Community

Rotary Club of the Tarrytowns’ Offers Assistance to Many 

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by Robert Kimmel –     

“Service Above Self” stands as the core objective of the Rotary Club of the Tarrytowns, and its accomplishments over recent years as well as throughout its 98-year history reflect the success it has had in meeting that criteria. Numerous groups, students, and communities, both local and distant, have benefited from the charitable pursuits of its membership.

“Our members proudly work together to provide service above self in order to distribute scholarships and monetary grants to our students and local non-profit organizations,” stated Lauren Mauro, its current president.

During just the past two years, the Rotary Club, which serves Tarrytown, Sleepy Hollow and Irvington, has provided grants to 21 organizations, including the Elizabeth Mascia Child Care Center, Community Food Pantry, Make a Wish, RSHM Life Center, Neighborhood House, Irvington Historical Society, the TaSH Farmer’s Market and Open Door Family Medical Center. In addition, a series of scholarships have been awarded to students in the villages’ schools and for participation for programs at the YMCA of Tarrytown.

“Throughout the year you will see our members volunteering their time and efforts around our thriving community,” related Mauro. Its membership this past year also held drives to collect toys and gift items for organizations such as the Ronald McDonald House, Open Door, and the RSHM Life Center, among its other activities. Included within a variety of past projects were the sponsorship and payment for the assembly of a Community Bulletin Board on North Broadway, contributions to the Community Opportunity Center Building Funds, and, in cooperation with the Briarcliff Rotary Club, the construction of a bus stop at Phelps Memorial Hospital.

One of the Rotary Club’s most popular and successful fund-raising projects is its annual Duck Derby held during the spring at Patriots Park. Originally organized by members Mimi Godwin and JoAnne Murray in 2008, the Derby has raised as much as $23,000 annually, all of which goes back to the community in the form of scholarships and grants. Godwin and Murray have appeared at each Derby in duck costumes.

The Club’s humanitarian efforts are not limited to local assistance, as demonstrated in 2005. The local Club organized a fund-raising campaign to buy a pick-up truck for the Salvation Army, which, after being loaded with needed supplies, was driven to New Orleans to aid the victims of Hurricane Katrina. It has also helped fund international missions such as the Rotary’s International Polio Eradication Program, Baby Aids project in the Dominican Republic and Haitian Relief.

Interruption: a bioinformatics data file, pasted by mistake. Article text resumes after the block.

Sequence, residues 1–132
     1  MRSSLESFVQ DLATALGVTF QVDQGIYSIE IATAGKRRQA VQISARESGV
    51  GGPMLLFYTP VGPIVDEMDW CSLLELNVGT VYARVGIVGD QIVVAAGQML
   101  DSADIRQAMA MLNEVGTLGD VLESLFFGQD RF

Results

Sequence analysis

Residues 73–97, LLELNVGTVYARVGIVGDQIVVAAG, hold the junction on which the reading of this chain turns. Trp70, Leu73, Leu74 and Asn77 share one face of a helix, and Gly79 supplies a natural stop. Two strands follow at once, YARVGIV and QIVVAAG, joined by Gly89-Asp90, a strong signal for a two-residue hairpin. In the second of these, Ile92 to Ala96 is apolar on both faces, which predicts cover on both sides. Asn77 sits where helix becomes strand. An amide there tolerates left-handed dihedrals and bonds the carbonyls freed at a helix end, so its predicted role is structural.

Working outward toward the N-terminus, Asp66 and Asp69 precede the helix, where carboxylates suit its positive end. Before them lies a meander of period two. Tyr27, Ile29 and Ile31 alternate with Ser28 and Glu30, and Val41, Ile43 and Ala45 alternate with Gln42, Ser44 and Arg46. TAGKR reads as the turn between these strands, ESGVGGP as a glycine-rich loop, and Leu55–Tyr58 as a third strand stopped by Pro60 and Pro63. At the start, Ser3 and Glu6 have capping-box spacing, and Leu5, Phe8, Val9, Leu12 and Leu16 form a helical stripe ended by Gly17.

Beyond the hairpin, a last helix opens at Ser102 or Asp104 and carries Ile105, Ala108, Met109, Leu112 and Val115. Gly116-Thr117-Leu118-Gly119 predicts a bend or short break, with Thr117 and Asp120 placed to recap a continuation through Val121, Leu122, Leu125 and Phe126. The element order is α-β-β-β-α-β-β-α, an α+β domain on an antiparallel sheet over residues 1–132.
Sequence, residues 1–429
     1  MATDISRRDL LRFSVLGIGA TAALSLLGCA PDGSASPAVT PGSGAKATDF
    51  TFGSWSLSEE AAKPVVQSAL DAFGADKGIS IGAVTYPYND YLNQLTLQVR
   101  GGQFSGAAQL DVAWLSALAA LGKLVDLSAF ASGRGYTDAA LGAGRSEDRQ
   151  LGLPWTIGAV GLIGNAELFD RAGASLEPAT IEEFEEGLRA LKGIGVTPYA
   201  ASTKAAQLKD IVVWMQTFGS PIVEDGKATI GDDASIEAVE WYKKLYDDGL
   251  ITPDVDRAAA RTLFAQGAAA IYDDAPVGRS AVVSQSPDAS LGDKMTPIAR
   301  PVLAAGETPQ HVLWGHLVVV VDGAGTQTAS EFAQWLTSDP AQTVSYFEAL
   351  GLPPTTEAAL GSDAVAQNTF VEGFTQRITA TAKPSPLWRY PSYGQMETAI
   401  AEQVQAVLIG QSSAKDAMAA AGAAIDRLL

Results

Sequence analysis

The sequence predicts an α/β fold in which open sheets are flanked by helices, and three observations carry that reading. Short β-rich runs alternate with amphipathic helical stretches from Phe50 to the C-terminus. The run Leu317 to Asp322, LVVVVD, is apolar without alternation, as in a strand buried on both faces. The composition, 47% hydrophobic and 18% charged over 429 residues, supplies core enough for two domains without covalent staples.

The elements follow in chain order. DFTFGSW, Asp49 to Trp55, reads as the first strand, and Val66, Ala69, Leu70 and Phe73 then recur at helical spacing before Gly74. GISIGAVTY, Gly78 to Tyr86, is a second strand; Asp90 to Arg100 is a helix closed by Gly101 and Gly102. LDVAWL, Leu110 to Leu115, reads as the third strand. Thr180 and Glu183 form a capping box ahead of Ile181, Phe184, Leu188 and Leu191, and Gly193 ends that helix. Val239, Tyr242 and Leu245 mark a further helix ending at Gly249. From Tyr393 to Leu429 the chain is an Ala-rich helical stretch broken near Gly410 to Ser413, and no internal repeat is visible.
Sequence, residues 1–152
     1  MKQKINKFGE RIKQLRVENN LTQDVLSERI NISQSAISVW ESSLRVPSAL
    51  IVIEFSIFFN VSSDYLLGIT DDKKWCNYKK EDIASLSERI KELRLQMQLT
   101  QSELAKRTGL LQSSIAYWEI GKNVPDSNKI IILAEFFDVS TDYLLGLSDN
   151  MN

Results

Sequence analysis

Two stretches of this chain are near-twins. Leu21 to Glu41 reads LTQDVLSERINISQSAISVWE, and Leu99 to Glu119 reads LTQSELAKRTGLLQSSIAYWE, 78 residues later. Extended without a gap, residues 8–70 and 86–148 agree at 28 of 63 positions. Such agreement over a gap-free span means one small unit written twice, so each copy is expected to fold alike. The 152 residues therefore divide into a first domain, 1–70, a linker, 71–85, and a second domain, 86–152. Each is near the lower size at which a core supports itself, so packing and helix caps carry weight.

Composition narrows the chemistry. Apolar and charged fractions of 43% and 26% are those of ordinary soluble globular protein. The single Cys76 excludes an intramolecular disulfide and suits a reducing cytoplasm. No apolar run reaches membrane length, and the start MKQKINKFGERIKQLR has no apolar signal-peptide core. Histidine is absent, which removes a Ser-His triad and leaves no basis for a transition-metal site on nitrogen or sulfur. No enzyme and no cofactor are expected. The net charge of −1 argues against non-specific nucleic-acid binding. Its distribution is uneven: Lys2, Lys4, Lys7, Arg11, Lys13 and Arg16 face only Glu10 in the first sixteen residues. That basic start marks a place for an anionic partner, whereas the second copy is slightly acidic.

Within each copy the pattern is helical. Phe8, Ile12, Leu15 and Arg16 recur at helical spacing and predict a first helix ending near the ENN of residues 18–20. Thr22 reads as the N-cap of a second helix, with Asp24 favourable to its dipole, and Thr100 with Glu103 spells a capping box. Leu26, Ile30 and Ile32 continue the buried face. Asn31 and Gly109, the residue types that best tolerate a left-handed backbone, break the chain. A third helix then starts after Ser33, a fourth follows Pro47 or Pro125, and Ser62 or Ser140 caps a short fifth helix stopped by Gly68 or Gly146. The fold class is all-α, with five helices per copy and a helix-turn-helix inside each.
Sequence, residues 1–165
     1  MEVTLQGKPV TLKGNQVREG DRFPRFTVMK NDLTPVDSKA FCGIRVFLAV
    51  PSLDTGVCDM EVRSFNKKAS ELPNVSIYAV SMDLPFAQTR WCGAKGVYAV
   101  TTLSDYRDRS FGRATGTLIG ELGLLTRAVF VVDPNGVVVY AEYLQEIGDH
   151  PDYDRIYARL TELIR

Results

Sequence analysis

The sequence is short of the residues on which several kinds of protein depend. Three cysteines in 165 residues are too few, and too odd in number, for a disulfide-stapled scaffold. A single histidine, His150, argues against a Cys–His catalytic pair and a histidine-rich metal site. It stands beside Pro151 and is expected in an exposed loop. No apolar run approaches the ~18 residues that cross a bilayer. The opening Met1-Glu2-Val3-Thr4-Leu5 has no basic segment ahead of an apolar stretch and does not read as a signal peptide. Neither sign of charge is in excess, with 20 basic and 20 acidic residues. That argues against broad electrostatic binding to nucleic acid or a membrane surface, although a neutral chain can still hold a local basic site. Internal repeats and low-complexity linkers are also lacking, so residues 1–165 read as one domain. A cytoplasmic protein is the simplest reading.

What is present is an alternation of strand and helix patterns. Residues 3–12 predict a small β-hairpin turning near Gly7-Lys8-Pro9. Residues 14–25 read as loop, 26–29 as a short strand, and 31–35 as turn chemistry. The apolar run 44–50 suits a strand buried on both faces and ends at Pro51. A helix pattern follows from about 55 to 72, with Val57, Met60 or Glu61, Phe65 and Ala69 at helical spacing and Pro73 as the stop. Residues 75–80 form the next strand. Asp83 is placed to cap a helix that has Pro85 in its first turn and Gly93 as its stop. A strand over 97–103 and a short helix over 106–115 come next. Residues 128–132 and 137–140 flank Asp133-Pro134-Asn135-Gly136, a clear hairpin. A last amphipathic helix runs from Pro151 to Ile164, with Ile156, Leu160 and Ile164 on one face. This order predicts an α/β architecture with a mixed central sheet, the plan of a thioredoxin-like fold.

The Club’s membership, currently numbering 40 persons, is a cross-section of leading business and professional men and women, mostly from the three rivertown communities which it primarily serves. While some members are retired, many are still actively working and also involved voluntarily with other service organizations. That is the case with Sleepy Hollow resident Len Andrew, a longtime member of the local club and a past president.

“I like being a member of an international service organization with over 1,000,000 members in 35,000 clubs worldwide,” Andrew said. An attorney, who held executive positions with IBM for 30 years, he noted that the Rotary’s efforts have “bridged cultures and connected people to champion peace, fight illiteracy and poverty, promote clean water and sanitation, and fight disease.” In addition to relating the Club’s local service activities, Andrew said it, “has provided support and friendship for each other.”

“Giving back has been part of what makes me tick from early on,” Aubrey Hawes cited as one reason for his being a member of the Rotary Club of the Tarrytowns for 22 years. Hawes has been involved with many non-profit organizations and joined the local Rotary after retiring as Senior Vice President Corporate Director of Marketing Resources at Chase Manhattan Bank. “Our local club has historically been committed to help keep our community a great place to live, raise a family and do business,” Hawes related. “By giving just a few hours a month, members come together to help support important activities of not-for-profit groups in our villages as well as international programs that help to change our world for the better.”

A wide variety of occupations are represented in the Club’s membership. Among its members are Tarrytown Administrator Rich Slingerland, the Club’s President-elect; Sleepy Hollow Administrator Anthony Giaccio; Chris Borsari, Superintendent of the Tarrytown Union Free School District, and Maureen Petry, Director of the Warner Library.

Club President Mauro offers a welcome to those interested in learning about the Rotary, “by joining us at a weekly meeting.” The Club meets weekly on Wednesdays for lunch at J.P. Doyle’s Restaurant in Sleepy Hollow. Additional information about the Rotary Club and membership can also be found at www.tarrytownrotary.org.

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